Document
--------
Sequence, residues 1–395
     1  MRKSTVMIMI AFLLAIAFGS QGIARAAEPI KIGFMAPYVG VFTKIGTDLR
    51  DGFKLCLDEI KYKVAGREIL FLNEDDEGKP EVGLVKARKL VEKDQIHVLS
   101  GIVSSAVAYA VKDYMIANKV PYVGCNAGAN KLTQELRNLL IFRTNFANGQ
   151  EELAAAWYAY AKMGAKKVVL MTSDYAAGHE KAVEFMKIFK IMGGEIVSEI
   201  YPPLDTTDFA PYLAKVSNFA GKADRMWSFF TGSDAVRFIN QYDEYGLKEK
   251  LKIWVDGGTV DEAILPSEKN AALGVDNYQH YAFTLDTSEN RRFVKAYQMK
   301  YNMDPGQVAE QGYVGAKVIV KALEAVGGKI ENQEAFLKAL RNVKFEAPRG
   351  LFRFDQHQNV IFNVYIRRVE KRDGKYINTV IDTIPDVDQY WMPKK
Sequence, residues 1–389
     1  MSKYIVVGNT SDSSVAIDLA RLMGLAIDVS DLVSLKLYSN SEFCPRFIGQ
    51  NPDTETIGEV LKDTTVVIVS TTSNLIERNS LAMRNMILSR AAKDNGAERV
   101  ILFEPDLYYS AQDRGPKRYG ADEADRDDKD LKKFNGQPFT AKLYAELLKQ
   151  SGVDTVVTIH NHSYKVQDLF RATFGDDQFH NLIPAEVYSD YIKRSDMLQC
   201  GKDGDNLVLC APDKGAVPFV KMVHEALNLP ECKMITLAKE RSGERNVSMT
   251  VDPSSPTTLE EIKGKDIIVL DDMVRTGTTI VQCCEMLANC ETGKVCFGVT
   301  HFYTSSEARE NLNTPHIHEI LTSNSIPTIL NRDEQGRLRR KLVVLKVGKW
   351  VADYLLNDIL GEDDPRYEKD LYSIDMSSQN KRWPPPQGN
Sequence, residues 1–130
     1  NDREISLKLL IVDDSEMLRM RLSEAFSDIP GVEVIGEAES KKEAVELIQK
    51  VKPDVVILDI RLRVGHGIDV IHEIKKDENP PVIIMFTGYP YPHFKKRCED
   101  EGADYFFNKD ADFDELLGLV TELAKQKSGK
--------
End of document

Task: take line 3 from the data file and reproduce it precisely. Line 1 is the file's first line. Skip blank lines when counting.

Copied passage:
    51  DGFKLCLDEI KYKVAGREIL FLNEDDEGKP EVGLVKARKL VEKDQIHVLS